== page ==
Disruptive Green Technologies and the Gussing Model

By Eric Nay.

Published by The International Journal of the Constructed Environment

Format Price
Article: Print $US10.00
Article: Electronic $US5.00

Sustainability is a devalued term. Its over. As we approach a new era of how we discuss, implement and utilize sustainability in design language, branding and ideological framing it may be useful to see sustainability in the abstract as a hindrance and better off as a disruptive technology meant to spoil old methods, means and messages. The alignment of sustainable discourse with design theory and practice with populist agendas is defeating radical innovation. As part of a funded research project to categorize the sociological benefits of technological disruption a small town in Austria will be analyzed and its desperate and highly effective utilization of biogas generation to revive the town’s economy, brand and help retain its citizens will be used as a case study to show how disruptive sustainable technologies relentlessly applied can create massive changes and rewrite centuries of histories if not impeded.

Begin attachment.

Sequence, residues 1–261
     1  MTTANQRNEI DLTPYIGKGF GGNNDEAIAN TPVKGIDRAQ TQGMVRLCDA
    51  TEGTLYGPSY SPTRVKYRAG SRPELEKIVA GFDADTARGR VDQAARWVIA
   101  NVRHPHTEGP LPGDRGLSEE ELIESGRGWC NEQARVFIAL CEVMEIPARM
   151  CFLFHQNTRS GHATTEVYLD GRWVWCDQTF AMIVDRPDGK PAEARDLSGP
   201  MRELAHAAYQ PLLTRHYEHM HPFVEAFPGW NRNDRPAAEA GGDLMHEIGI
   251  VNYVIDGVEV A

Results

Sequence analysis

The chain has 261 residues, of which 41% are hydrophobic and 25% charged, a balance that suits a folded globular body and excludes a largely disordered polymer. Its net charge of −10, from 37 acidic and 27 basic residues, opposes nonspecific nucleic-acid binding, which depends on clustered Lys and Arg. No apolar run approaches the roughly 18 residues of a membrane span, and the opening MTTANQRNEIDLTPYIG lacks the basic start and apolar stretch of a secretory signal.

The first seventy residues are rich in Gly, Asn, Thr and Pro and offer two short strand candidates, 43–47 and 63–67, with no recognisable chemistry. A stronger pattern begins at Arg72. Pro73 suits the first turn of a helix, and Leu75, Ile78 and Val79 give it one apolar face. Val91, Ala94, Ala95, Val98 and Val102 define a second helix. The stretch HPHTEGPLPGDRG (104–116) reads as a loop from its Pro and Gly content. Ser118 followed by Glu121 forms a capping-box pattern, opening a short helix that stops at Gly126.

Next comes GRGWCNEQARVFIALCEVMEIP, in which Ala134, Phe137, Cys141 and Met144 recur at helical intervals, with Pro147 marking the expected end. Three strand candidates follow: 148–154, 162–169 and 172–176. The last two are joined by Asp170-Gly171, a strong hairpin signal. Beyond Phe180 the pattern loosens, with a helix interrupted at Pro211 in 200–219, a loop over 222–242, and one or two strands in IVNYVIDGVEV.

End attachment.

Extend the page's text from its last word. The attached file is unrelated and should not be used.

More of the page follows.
Keywords: Sustainability, Innovation, Design, Adaptation, Policy

The International Journal of the Constructed Environment, Volume 2, Issue 1, pp.81-88. Article: Print (Spiral Bound). Article: Electronic (PDF File; 694.451KB).

Prof. Eric Nay

Associate Dean, Faculty of Liberal Arts & Sciences and Interdisciplinary Studies, OCAD University, Toronto, Ontario, Canada

The author is an American Architect and Associate Professor of design history and theory and has published and/or presented numerous papers on sustainable design practice, sustainability education and contemporary design theory. He has taught numerous courses and conducted funded research in design theory and sustainable design in the United States, Canada and the Middle East and is very familiar with the current literature and trends in the field of sustainable design. He teaches courses at OCADU in Design Thinking, 20th Century Architectural History and Design and Sustainability currently and is a permanent resident of Canada. He has practiced architecture in New York City, Chicago and California and has an academic background in art, architecture, design and law. His terminal graduate degree is form Cornell University and he is in his second consecutive term as an Associate Dean of the most diverse and comprehensive departments in his University.